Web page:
Walmart Warns of Texting Scam That Promises $1,000 Gift Card

Texting scams, claiming to be retailers, are surfacing on cell phones

Walmart is warning customers to be on the lookout for a "scam" text message that promise a $1,000 gift card. Although the message appears to be from the retailer, Walmart said it did not authorize it and customers may be exposing themselves to identity theft or fraud.

For many Walmart shoppers, it appears to be a text message from heaven: "You have been selected for a $1,000 Walmart gift card."

"Who wouldn't want that?" said Eloisa Sevilla, a San Fernando Valley resident.

Regulars know that on receipts, Walmart asks shoppers to fill out a survey for a chance to win $1,000 gift card. This text message also gives a web address with the retailer's web address, including some additional letters.

Similar offers appear in text messages from other cell numbers, referring the shopper to different websites. It does not however, direct them to, the company's true web address.

"They don't give away $1,000 on a text. Nobody does," said Rhonda Schachter, a Porter Ranch resident.

It's the latest wave of a barrage that last month, prompted Walmart to denounce the text messages as "scams," calling them "smishing" -- the texting version of phishing.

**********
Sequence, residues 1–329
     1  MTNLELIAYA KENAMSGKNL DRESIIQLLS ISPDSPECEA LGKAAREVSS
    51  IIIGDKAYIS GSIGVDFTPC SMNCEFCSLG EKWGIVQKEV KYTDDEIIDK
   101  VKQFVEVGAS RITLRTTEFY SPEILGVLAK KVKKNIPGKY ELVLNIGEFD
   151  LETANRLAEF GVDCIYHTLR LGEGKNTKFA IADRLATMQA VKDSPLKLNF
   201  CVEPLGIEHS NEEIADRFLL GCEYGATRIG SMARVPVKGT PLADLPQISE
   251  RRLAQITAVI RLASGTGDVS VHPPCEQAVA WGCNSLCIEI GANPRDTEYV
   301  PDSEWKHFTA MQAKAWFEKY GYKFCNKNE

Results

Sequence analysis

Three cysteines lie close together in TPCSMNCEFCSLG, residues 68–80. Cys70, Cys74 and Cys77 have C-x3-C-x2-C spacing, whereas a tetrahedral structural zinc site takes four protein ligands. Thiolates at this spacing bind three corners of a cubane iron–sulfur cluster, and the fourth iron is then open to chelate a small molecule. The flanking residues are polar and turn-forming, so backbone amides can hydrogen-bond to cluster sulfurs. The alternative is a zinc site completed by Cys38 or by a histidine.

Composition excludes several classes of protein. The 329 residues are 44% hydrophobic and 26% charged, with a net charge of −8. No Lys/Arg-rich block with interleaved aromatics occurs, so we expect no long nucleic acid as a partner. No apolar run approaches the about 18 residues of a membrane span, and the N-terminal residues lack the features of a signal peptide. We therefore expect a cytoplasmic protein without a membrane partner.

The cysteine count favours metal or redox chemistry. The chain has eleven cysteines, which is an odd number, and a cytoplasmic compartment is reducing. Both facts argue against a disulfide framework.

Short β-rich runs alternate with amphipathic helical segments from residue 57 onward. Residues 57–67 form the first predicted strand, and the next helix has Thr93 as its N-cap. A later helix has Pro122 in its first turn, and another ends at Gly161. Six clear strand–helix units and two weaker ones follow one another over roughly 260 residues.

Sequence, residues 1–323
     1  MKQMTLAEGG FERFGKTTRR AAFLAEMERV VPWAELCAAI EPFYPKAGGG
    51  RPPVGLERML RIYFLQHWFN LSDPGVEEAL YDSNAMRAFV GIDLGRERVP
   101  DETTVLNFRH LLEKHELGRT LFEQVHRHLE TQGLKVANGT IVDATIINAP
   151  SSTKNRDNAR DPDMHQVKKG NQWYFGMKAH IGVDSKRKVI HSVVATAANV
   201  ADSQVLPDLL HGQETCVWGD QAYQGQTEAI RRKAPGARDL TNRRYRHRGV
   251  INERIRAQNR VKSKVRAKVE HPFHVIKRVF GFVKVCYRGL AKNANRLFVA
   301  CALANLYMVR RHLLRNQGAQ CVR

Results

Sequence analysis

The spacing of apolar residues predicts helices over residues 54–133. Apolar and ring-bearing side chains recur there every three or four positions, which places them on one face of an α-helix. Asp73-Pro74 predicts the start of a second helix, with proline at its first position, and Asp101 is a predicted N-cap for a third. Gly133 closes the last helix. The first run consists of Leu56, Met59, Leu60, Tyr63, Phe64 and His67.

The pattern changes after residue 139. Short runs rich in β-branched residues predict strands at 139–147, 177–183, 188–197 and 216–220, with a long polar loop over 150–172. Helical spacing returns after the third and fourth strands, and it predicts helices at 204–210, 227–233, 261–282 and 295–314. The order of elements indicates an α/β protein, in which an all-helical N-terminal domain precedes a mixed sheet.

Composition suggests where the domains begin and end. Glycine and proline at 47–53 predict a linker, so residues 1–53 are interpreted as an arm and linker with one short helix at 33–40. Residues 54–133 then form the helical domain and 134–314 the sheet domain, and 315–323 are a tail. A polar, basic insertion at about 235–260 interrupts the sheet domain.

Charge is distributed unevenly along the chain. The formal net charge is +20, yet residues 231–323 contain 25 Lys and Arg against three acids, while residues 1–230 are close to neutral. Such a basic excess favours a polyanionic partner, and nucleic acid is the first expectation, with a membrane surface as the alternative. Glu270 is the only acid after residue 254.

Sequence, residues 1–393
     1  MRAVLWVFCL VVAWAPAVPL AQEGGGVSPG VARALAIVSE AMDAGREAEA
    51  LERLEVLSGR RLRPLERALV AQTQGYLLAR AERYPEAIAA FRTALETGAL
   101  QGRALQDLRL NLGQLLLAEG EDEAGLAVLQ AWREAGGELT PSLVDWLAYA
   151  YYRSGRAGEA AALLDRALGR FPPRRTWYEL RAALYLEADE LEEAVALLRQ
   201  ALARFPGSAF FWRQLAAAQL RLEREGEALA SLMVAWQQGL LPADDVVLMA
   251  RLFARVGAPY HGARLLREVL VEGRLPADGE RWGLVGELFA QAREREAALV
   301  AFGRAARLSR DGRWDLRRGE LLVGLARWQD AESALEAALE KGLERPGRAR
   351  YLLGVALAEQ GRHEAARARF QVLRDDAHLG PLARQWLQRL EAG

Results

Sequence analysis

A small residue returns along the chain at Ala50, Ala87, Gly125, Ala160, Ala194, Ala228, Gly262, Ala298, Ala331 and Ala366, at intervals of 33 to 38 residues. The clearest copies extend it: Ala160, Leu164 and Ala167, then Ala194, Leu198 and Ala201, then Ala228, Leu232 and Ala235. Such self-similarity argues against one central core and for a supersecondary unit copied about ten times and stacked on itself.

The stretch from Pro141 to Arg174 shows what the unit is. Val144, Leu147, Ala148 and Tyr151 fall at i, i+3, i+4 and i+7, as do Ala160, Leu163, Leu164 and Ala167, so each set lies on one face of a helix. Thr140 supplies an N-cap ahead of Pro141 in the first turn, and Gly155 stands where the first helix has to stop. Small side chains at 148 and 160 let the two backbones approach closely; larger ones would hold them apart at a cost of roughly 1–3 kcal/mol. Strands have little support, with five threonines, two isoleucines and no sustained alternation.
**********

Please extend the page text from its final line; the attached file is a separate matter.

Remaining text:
Walmart's corporate offices told NBC4 that the Federal Trade Commission has launched an investigation at Walmart's request. But, at this point, Walmart does not know whom to serve with a cease-and-desist order.

NBC4 clicked on the texted links and it took us to the website of, which requested personal information, including birthdate, e-mail address, and phone number. It also directed us to answer some marketing survey questions. Then, it gave us an 800-number to call for an "authentication code" to claim the gift. After calling the number, the operator asked for our credit card information to cover a fee of $3.90, as the website presented a series of marketing offers.

The web address in fact, is registered through a web security company that shields the identity of the owner. It may be the only one that knows how many users have given up their credit card numbers and personal information.

"It sounds too good to be true," said Sandy Bouldin, a Chatsworth resident.

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